> s 4.1, para 1
> It's not clear that it would ever make sense to send a Half Trickle
> offer without a complete candidate list and an end-of-candidates
> indication, since if trickle support is not confirmed, there would be no
> opportunity to send additional candidates and have the non-trickle peer
> use them for anything. Suggesting such an operation appears to
> contradict the earlier discussion in section 4.

I see your point and will consult with the authors.

> s 4.1
> The explanation of how Half Trickle can deliver more than half the
> benefit almost seems to indicate that there is no reason for a UA that
> gathers in response to UI cues to perform Full Trickle. Is that what you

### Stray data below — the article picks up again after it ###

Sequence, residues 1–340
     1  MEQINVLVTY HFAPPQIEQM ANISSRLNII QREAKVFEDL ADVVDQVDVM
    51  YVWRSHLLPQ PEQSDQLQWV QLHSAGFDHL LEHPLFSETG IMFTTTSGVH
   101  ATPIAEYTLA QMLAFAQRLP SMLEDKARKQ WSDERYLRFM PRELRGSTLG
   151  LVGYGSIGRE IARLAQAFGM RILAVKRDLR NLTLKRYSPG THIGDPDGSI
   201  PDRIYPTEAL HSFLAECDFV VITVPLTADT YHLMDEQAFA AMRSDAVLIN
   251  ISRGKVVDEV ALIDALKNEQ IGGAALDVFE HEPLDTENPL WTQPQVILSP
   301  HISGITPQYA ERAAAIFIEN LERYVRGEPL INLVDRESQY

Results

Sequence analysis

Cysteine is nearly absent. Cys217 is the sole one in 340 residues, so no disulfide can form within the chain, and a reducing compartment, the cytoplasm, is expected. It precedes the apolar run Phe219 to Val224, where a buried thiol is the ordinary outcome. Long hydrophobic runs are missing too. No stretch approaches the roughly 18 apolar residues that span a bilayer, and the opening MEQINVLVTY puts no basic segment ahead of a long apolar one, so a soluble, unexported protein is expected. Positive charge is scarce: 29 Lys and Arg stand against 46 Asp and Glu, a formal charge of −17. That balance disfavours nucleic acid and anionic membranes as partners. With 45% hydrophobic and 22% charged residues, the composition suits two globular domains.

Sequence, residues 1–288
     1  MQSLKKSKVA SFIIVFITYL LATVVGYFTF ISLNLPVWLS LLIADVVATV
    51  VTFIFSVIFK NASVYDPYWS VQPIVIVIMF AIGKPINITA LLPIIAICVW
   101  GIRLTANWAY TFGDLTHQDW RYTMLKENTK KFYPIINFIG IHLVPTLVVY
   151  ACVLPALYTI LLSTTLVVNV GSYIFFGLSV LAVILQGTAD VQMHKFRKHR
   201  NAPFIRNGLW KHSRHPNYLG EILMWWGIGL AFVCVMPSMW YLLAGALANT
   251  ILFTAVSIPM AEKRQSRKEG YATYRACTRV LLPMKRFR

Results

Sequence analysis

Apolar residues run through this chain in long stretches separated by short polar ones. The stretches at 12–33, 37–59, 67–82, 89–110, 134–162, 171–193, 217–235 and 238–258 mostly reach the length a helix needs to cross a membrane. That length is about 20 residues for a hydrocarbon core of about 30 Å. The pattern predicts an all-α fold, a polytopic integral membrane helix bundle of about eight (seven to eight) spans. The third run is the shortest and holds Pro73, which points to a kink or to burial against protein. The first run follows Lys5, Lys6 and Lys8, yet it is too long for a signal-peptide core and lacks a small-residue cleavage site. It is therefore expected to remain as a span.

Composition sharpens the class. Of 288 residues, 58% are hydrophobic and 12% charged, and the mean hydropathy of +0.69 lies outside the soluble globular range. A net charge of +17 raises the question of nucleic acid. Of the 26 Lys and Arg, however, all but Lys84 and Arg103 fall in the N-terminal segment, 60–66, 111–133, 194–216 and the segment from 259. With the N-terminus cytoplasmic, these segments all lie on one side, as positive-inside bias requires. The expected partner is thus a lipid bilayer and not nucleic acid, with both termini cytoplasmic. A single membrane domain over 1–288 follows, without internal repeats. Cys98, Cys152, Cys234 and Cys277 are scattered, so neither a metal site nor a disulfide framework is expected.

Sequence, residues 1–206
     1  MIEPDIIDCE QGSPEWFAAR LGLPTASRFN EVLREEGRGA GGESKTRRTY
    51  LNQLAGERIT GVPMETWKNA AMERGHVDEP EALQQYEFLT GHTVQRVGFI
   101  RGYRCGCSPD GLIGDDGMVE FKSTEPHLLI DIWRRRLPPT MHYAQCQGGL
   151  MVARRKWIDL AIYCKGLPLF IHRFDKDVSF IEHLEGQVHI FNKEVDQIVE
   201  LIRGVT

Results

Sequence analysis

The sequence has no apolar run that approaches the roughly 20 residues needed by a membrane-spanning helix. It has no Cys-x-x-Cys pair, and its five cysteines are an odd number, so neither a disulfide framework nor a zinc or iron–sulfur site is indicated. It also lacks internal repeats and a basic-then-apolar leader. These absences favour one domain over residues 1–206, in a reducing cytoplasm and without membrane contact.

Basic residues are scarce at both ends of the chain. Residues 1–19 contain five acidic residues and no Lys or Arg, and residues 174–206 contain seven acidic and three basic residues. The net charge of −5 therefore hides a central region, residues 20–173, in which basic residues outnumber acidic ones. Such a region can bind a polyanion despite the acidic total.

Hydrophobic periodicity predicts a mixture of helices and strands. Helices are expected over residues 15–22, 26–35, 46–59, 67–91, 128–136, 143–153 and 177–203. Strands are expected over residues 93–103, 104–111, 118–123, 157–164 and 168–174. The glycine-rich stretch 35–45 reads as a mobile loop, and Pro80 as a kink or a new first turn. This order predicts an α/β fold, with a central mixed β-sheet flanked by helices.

> intend?

I doubt that was the intent.

> s 5
> It might be good in the paragraph that says "agents MAY generate an
> offer that contains no candidates" to explain the benefit. I think its
> because of one or both of: 1) allows the offering agent to receive the
> remote agents initial candidate list sooner, and 2) it allows the
> answering agent to begin candidate gathering sooner.

That seems like a sensible explanation; in essence it enables both 
parties to start ICE gathering and trickling as soon as possible.

> s 5.1
> Your use of "... would still need to ..." in the paragraph about sending
> no candidates indicates that the use of IP6 :: is a MUST when there is
> no suitable candidate to send in the initial offer, rather than a MAY.

I don't think that was the intent, but I can see how the confusion might